the sum is 13.2V. Now the special LED makes the parallel a little bit more complex due to its special needs on its maximum voltage. One thing here is certain that: without knowing the resistance, we cannot solve the problem. (one equation with two unknowns)

    Here's the solution(s)
    1. Use common sense. These LEDs should be similar to each other, so you cannot have 9 LEDs with 200 Ohm and another with 200,000 Ohm, which means the voltage are roughly evenly distributed over the two LEDs in the middle, even though they are different. In that case, you will not put very high voltages on either of them, because they are similar, so both around 2.2V

    2. If you are not sure, use a meter to test the LED if you have one. That's the easiest way and guaranteed method.

    Moreover, you don't want to increase the voltage over the 3 middle branches just because you have an extra LED that can withdraw 0.2 V. If you put 2.4V, suppose you really want to do that, then all other 4 (at least four that are in parallel) will have >2.2 V work voltage. The general rule is to make sure all can work with safety.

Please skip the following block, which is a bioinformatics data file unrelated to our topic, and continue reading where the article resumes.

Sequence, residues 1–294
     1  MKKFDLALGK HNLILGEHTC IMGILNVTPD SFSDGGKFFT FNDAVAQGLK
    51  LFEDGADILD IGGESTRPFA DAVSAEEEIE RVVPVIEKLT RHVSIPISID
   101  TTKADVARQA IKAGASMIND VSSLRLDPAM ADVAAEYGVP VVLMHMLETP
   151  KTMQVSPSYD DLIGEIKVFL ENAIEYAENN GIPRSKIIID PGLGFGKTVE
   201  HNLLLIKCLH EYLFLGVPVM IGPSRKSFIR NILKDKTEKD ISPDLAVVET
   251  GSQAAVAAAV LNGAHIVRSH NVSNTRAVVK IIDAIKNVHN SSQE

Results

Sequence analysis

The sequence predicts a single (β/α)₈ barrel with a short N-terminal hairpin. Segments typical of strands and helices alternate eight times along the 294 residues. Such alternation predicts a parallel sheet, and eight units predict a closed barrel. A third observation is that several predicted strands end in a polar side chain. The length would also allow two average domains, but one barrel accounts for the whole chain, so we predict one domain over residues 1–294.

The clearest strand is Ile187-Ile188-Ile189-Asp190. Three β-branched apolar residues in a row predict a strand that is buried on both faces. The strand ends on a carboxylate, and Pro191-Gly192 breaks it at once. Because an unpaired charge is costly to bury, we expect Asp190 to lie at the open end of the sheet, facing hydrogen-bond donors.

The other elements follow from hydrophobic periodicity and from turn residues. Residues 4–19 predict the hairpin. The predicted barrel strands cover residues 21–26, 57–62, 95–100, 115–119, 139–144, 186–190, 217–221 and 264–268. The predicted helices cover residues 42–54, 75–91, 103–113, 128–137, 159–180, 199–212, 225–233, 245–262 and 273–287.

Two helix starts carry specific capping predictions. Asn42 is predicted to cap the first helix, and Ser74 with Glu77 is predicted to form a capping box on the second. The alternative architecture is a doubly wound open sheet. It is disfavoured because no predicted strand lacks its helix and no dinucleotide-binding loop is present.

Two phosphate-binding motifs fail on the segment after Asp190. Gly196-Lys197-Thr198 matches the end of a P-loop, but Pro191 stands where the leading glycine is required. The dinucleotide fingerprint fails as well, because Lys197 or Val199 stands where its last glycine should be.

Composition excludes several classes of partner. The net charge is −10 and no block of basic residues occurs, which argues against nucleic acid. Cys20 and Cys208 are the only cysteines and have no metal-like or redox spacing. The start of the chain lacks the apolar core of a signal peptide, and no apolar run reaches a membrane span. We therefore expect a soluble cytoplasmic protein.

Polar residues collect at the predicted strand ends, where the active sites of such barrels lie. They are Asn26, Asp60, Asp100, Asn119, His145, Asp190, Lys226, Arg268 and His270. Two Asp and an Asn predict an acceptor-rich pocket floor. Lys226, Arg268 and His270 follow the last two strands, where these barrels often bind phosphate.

6. Sep 26, 2012 #5
    Oops, the space is replaced. This is what I mean:

    ***********[ 2.2 + 2.2 ]************
    ---2.2+2.2---- [ 2.2 + 2.2 ]----2.2+2.2----
    ***********[ 2.2 + 2.2 ]*************
  7. Sep 26, 2012 #6
    Ok thanks. I tried to see if a 9V(9<13.2) battery would light any of them up but not even 1 lit up.
  8. Sep 26, 2012 #7
    You need to know the current required for the LED's which are current driven. One diode usually has about 0.7 volt drop so if they are rated at 2.2 volts there is probably a series resistor in there to limit current under some limit to keep from destroying the LED.

    You can see how well they work if you can use some kind of variable voltage supply.